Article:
Begin Main Content Area

 Blog Post

DOC Settles Hepatitis C Inmate Suit

Tags: DOC
November 20, 2018 12:00 AM
By: DOC Staff

PA Coat of Arms

The Pennsylvania Department of Corrections has settled a suit over treatment of inmates with Hepatitis C. Under the terms of the settlement, the DOC has agreed to continue to treat inmates over the next three years with the latest drug approved for Hepatitis C that cures the infection during a three-month course of medication. Advocates for inmates alleged that the DOC had denied treatment due to the cost of the medication.

In response to this recent legal action, the Pennsylvania Department of Corrections says:

"Providing quality health care to all inmates is a priority of the Department of Corrections.  The DOC has worked hard to prioritize direct acting antiviral (DAA) medication to eligible inmate patients.  In the few years that the new generation of medication has been available, the DOC has already completed DAA treatment for 650 inmates with Hepatitis C who fell within the most serious stages (F3/F4) of liver disease.  In addition, the DOC is currently providing DAA treatment to 105 individuals, including those in the more moderate stages of the disease (F2).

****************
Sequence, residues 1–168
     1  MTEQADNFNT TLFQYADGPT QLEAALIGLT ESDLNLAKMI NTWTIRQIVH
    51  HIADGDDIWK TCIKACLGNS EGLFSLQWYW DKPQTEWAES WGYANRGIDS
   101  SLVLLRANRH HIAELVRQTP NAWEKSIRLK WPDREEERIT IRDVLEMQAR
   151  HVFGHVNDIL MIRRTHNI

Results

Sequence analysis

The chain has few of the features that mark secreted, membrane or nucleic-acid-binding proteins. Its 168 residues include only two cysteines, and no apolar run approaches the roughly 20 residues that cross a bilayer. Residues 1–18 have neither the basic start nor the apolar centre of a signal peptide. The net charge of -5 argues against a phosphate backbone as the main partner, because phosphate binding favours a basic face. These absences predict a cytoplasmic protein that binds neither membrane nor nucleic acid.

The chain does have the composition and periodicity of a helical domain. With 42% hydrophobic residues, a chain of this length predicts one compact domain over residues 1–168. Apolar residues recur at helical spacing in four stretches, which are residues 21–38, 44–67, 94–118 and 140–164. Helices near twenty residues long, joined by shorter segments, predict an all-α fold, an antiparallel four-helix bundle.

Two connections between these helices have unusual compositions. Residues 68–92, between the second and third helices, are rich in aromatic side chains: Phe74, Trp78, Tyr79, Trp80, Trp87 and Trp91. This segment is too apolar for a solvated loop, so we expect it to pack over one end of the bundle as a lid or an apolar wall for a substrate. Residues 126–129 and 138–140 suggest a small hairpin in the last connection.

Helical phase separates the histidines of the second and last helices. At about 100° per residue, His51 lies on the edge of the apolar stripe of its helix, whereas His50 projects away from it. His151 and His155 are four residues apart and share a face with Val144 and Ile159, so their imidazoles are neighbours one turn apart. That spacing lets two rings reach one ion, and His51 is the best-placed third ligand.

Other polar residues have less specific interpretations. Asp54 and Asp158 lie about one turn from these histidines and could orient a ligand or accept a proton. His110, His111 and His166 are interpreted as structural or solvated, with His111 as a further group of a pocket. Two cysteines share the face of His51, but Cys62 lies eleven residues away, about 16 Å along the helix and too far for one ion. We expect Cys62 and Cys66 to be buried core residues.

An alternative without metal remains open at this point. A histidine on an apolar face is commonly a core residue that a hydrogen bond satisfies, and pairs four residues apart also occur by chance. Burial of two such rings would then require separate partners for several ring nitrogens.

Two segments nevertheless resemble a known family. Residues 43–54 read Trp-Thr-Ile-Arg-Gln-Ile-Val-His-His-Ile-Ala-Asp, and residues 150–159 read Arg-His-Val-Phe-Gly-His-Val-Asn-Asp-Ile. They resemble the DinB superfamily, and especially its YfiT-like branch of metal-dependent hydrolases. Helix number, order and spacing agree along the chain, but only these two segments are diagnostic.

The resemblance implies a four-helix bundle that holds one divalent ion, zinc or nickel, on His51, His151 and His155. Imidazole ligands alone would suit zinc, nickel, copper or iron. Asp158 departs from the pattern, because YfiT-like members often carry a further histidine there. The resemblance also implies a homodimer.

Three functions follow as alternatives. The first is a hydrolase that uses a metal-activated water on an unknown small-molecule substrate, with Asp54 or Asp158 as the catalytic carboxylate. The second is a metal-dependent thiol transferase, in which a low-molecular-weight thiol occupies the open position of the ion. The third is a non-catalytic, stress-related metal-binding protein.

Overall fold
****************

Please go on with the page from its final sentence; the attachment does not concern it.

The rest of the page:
To enhance its Hepatitis C treatment program, DOC began a partnership with Temple University earlier this year.  Collaboration with Temple allows the inmate Hepatitis C patients to access medical professionals in the Temple hospital system both during their time of incarceration and as part of continuity of care after release. 

The proposed settlement represents the DOC's continued commitment to prioritize treatment for Hepatitis C patients.  Under the Agreement, the DOC commits to continue to expand DAA medication treatment to eligible inmates in the earliest stages of infection (F1, F0) over the course of the next three years.

The budget for hepatitis C treatment within DOC for 2018-2019 was $13.2 million. The average per patient treatment cost is now down to about $20,000, but cases vary. That cost is expected to drop again in 2019. We don't know the total in outlying years because of the changing – likely downward - costs."


Share This